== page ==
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  1. #1
    Join Date
    Mar 2009

    Question Unanswered: Backup size difference within a SQL Server agent job

    Greetings all.

    I have an issue which I hope someone might be able to shed some light on.

    For our developers to test fixes/new code in our application with current and reliable user data I have set up a SQL server agent job to nightly restore a backup of our production databases to a test database.

    For reasons that I don't need to go into here, I then purge some of the tables within that test database which contain archived documents that are not needed in a test environment but which take up about 80-90% of the overall database size. Once this purge is completed, I then take a backup of that test database - the aim being to have a smaller backup file I can transmit across the network between offices.

    However, the backup I take after purging the tables comes out at the same (well, close enough to the same) size as the original backup that was restored from where I would expect it to be around 10-20% of the original size.

    If I add a second backup immediately following the first, within the same SQL server agent job I find that the second backup file has shrunk.

    Eg, I restore a 35Gig backup of the production database to a test database, I then purge the necessary archive tables and take 2 backups immediately following each other. The first backup is 35 Gig, the second backup is around 5 gig.

    I've tried truncating the log file on the test database after the tables have been truncated but this achieves nothing.

    So, my question is what has changed between the first backup and the second backup that causes the difference in size, or more importantly what can I do before the first backup to ensure that it is of the smaller size that I am looking for?

  2. #2
    Join Date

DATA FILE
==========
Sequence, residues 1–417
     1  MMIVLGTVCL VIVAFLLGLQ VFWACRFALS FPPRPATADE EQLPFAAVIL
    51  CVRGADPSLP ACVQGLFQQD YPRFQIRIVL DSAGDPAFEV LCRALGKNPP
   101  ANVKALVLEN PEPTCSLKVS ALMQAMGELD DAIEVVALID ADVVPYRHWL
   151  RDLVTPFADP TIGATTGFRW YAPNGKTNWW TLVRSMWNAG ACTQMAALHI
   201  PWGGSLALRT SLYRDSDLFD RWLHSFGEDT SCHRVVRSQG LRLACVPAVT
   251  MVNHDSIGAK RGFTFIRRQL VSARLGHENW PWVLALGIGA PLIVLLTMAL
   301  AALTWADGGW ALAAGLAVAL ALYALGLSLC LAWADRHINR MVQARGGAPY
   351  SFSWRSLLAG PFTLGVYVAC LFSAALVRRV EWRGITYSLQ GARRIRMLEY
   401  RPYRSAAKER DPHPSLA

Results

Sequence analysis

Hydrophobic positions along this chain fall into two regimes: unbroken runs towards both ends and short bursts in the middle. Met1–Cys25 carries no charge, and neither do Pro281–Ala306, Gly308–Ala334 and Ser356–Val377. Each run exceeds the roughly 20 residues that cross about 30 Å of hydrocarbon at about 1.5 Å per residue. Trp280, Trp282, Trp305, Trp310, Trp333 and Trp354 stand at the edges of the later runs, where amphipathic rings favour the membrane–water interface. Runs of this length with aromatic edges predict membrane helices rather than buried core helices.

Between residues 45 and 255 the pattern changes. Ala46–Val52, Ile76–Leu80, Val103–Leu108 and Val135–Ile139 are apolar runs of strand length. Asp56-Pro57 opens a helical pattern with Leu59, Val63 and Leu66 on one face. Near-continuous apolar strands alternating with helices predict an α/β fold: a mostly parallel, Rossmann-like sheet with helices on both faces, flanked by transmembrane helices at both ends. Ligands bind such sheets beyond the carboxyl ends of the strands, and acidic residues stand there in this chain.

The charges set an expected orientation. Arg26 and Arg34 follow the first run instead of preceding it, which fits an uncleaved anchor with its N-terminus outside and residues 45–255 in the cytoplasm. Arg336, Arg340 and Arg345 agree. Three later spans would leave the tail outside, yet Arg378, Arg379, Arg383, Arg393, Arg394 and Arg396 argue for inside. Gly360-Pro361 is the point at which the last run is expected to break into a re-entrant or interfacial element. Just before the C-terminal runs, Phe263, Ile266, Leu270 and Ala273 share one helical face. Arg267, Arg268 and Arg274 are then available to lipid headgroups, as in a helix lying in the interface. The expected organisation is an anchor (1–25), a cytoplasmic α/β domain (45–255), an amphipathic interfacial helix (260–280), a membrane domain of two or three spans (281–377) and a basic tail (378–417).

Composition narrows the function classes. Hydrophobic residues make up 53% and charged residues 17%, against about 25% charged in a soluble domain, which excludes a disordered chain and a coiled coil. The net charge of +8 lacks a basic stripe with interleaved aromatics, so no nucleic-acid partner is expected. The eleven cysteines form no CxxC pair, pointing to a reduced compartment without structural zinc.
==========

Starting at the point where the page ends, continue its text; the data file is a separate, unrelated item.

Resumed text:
Jun 2009
    When you delete data from a table those transactions are committed to your logfile. This means you have made free space in your MDF but your logfile (LDF) will grow by the same size as the data you've deleted.
    When you do a full backup of the database you backup both your MDF and LDF data in your BAK file - this is why the size hasn't gone down at all.
    The backup also sets a checkpoint in your database. Since all the deletes have been committed to a full backup those transactions are now cleared from the logfile. This means both your MDF and LDF have more free space in them which in turn means your second backup is much smaller.

    Depending on your situation it may be worthwhile looking into changing your recovery model to simple when you restore the database to a non prod environment. The simple recovery model means that the deletions you do won't be logged and you can easily shrink your logfile.

  3. #3
    Join Date
    Jun 2009
    CA, USA
    I agree with Wilvis to change the recovery model...

    And also shrink the data file (.mdf) before backup other wise where ever you restore, it may need the same amount space as production becasuse your data will be deleted when the tables truncated but the db shell will be the same size.
    SQL Server MVP

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